The IPCC once again is now the enemy of the SkepSci/ Oreskes Climate Extremists.

                  But on a positive note, perhaps we can all agree on steps to mitigate Extreme Weather? Dykes, sea walls, dams, irrigation and water management canals and restrictive zoning in flood prone areas are all measures that should be pursued to mitigate against Extreme Weather events (and create a lot of jobs).

                  Only doctrinaire libertarians oppose these measures. How about you?

                • Don

                  I linked the reports that show those estimates of damages. You’ll note that the death and damage primarily comes from heat waves, and crop failure caused by climate changes. The number of landfalling hurricanes has nothing to do with global warming; however the intensity change of tropical cyclones does. Hurricanes are interesting because warming provides more moisture to result in stronger hurricanes; but it also results in more boundary level sheer, which prevents them from forming / causes them to fall apart. Extreme heatwaves and drought are not at all time lows.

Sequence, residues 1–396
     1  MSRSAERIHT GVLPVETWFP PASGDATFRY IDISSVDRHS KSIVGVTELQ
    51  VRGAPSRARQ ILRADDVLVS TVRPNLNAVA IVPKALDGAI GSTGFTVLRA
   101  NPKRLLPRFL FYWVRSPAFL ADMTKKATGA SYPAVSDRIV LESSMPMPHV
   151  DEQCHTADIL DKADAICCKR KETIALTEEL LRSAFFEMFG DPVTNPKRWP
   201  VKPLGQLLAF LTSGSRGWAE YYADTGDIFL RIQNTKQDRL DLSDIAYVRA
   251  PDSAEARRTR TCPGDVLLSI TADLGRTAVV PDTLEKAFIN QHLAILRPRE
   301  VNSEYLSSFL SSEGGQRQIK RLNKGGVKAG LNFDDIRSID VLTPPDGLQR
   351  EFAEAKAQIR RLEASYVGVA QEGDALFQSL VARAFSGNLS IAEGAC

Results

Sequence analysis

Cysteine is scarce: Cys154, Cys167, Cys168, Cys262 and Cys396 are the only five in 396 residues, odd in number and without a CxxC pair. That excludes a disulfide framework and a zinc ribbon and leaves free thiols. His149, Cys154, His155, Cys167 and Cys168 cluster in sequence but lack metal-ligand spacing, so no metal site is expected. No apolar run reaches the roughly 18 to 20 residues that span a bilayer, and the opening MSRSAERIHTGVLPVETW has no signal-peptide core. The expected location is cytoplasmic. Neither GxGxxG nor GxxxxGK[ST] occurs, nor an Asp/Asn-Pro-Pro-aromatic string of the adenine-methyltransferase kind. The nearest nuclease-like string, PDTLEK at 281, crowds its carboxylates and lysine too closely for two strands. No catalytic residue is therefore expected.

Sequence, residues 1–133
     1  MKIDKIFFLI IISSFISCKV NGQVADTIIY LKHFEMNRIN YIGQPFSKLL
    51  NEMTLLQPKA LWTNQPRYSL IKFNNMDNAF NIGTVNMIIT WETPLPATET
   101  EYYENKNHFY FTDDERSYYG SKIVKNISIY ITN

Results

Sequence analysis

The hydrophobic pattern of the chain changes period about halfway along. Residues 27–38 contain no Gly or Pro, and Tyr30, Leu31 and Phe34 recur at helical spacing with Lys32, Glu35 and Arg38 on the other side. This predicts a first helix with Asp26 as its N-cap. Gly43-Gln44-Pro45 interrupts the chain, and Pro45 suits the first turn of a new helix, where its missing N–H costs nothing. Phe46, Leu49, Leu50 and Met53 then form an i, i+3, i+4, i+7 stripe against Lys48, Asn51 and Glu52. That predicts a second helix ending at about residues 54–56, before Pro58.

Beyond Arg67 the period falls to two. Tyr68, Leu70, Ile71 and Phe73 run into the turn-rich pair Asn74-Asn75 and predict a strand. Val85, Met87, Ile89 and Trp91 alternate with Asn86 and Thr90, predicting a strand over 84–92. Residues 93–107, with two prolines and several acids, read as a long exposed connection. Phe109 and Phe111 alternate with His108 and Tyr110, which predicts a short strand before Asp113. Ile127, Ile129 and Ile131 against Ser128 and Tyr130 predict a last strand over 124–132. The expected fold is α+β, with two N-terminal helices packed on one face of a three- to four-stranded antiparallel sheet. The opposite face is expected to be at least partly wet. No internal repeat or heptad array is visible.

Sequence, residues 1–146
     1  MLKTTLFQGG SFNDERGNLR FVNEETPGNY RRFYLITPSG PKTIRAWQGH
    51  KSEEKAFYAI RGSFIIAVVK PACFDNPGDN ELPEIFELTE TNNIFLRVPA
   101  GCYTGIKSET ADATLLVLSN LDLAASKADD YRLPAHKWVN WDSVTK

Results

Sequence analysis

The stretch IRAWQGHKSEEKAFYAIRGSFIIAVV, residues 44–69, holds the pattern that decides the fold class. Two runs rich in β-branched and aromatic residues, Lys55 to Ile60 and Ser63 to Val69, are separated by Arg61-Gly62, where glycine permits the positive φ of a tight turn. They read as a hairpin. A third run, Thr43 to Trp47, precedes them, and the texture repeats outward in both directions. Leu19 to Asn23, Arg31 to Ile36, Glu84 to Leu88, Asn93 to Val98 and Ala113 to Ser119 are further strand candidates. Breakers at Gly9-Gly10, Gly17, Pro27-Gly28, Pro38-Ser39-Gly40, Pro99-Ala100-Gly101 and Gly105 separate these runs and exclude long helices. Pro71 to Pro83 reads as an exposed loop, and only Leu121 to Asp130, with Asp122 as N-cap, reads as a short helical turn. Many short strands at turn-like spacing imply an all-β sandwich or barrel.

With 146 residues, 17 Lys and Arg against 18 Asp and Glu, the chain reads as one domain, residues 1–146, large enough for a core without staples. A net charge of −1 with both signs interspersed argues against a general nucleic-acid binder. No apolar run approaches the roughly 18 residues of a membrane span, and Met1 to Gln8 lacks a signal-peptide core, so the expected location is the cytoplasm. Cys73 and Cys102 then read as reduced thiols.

for reference again, here are articles from the Guardian with links to the reports I cited earlier for those figures (remember to remove spaces):

                  bit. ly/XTZ4kn

                  bit. ly/1IY9dj1

                • Sarastro92

                  From the IPCC , WG-1, Ch 2

                  “Current datasets indicate no significant observed trends in global tropical
                  cyclone frequency over the past century … No robust trends in annual numbers of
                  tropical storms, hurricanes and major hurricanes counts have been identified
                  over the past 100 years in the North Atlantic basin.”

                  “In summary, confidence in large scale changes in the intensity of extreme extra-tropical cyclones since
                  1900 is low.”

                  You were saying?

                • Don

                  I stated clearly and explicitly: